At a glance.
- Wizard Spider's ransomware attack on Ireland's HSE.
- Air India's third-party exposure.
Updates on Ireland’s HSE data breach.
As the CyberWire noted last week, Ireland’s Health Services Executive (HSE) is dealing with the aftermath of a Conti ransomware attack that is being called the largest breach in the country’s history. The Independent offers a thorough overview of the incident so far. Today marks the deadline for the Irish government to meet the threat actors’ $20 million ransom demand, but Minister for Public Expenditure Michael McGrath confirmed to the Irish Times that the government will not comply: “The State will not be paying a ransom and we have been unequivocal about that since the very beginning.” Minister for Further and Higher Education Simon Harris told the Irish Examiner there’s a strong chance the cybercriminals will begin leaking the 700GB of exfiltrated data. "There's some evidence that it may already have happened in some instances and that's been verified by the gardaí," he stated. The gardai are bracing themselves for the resultant fraud that will likely follow the publication of the sensitive data, the Irish Times reports. Citizens have been advised that no health officials would request payment or sensitive data via email or phone. The BBC reports that the HSE has secured a High Court injunction preventing anyone -- including businesses and social media platforms -- from sharing or selling the stolen information, which limits the threat group’s abilities to distribute the data.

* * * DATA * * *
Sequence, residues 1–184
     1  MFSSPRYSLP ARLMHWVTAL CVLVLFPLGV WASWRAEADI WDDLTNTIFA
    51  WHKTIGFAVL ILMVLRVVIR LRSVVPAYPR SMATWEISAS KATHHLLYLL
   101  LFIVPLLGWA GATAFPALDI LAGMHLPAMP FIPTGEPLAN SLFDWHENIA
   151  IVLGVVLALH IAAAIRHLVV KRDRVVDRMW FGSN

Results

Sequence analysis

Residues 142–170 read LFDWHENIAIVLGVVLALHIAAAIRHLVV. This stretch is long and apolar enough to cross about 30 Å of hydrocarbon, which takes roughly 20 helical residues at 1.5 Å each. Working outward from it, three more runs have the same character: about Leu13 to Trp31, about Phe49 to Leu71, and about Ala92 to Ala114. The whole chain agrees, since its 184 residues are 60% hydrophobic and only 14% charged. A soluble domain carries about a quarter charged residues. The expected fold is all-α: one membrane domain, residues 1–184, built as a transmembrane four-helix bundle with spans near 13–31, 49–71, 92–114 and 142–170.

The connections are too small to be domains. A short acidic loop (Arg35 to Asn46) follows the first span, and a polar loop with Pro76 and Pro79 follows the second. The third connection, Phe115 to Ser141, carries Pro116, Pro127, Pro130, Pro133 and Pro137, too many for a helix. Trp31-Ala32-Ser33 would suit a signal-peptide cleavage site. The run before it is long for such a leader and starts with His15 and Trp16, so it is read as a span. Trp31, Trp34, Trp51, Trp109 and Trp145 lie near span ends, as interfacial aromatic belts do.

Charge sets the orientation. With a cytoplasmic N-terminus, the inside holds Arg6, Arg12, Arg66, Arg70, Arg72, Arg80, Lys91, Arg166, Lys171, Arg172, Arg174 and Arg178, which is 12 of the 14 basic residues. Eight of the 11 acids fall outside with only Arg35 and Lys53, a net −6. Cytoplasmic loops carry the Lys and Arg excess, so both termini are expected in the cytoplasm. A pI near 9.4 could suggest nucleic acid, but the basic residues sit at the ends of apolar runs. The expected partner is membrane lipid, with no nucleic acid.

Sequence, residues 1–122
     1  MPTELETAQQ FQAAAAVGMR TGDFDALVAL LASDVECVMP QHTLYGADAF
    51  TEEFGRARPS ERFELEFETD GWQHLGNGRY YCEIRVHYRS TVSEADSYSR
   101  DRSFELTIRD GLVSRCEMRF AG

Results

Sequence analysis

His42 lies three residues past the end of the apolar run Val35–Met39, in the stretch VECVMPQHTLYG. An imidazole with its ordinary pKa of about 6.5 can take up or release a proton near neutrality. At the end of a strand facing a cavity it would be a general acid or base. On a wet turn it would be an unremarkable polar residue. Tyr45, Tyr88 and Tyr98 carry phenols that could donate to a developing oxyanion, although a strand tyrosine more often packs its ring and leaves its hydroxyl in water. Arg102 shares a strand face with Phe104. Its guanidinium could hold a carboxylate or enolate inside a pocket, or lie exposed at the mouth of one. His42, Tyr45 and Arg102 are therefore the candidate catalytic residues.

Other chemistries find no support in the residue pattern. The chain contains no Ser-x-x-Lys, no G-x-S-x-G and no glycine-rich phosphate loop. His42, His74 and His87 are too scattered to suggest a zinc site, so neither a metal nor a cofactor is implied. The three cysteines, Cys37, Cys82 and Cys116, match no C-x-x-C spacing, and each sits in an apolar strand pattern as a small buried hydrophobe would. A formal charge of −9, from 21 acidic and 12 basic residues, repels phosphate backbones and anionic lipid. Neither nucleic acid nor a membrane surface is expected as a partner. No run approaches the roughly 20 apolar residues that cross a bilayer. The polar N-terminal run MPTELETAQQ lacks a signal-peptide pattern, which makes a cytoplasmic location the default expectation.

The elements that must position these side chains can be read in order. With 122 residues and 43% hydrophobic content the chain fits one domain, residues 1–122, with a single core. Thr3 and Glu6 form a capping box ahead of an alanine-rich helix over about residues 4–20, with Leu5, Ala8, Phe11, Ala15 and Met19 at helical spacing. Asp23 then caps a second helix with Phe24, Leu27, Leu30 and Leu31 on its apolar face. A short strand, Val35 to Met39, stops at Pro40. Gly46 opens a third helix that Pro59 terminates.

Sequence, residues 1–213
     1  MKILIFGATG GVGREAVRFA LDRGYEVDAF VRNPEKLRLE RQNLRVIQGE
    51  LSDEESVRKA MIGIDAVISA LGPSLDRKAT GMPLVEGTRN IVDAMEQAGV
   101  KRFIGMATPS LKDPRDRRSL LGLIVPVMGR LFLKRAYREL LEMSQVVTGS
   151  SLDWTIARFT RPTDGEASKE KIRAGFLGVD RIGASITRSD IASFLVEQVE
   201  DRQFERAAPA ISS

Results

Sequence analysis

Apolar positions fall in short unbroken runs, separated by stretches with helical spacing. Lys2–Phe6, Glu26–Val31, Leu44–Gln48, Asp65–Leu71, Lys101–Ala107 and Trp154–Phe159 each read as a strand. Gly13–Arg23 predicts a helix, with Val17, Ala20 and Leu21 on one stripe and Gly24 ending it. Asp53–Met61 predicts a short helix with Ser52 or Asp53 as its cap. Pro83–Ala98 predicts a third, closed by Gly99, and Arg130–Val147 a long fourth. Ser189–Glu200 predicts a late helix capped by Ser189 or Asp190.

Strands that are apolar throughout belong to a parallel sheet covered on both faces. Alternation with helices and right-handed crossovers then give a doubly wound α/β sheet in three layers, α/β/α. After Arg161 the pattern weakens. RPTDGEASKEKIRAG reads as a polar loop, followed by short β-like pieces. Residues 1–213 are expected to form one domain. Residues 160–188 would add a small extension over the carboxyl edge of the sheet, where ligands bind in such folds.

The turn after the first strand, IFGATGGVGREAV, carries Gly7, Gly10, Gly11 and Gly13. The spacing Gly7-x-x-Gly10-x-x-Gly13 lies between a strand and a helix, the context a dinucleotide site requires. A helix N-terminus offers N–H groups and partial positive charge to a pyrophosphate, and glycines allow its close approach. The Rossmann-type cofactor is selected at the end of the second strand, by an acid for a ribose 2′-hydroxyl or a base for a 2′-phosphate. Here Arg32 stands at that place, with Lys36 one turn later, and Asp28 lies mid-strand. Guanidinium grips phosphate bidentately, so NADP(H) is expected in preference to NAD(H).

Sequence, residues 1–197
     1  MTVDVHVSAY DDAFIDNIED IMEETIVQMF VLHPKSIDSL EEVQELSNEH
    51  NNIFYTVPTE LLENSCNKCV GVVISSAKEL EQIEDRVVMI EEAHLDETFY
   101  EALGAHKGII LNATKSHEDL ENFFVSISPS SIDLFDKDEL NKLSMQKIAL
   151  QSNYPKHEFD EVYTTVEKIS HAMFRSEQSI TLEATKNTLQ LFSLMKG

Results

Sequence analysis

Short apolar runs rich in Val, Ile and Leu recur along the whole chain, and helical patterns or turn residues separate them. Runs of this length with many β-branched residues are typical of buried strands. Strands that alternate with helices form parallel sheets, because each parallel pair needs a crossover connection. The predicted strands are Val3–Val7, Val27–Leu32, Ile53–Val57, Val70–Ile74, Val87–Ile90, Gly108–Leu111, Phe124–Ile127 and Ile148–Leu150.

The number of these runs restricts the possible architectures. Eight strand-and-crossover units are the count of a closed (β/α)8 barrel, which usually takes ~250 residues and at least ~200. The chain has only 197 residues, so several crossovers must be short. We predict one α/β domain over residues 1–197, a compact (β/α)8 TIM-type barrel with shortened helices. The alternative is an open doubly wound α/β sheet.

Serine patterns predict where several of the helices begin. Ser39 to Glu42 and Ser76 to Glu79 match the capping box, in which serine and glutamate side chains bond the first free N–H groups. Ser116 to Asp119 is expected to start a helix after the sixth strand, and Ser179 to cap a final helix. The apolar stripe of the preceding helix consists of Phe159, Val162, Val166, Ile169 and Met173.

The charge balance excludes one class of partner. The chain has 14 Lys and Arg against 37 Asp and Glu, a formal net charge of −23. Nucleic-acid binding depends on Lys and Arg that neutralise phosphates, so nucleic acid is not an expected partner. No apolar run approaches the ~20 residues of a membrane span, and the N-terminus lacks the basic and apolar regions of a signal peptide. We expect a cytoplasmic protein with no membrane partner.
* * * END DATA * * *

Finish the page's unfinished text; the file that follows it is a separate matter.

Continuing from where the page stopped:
Meanwhile, health officials are struggling to decrypt the HSE’s systems in order to restore services to patients nationwide. RTE.ie explains that officials had developed a decryption tool based on the one Conti offered, but Stuff reports that New Zealand cybersecurity company Emsisoft has supplied the HSE with a stronger, safer alternative free of charge. Emsisoft chief technology officer Fabian Wosar stated, “So far, the feedback has been quite positive and, obviously, we are delighted that we can help them and ultimately the Irish people, especially given the continued global pandemic.”
Air India suffers third-party data breach.
Bleeping Computer reports that the data of approximately 4.5 million Air India customers were exposed as the result of a breach the airline’s Passenger Service System provider SITA suffered two months ago. In March, Air India notified passengers that third party vendor SITA had been attacked, but TechCrunch explains that at the time, SITA did not divulge exactly what data had been compromised. This weekend the airline reached out to customers confirming their data was potentially exposed and urging them to reset their account credentials. “The protection of our customers’ personal data is of highest importance to us and we deeply regret the inconvenience caused and appreciate the continued support and trust of our passengers,” Air India’s official statement reads. The data exposed, which was collected from August 2011 to February 2021, includes names, dates of birth, passport information, frequent flyer details, and credit card numbers, though no passwords or CVV/CVC numbers were accessed.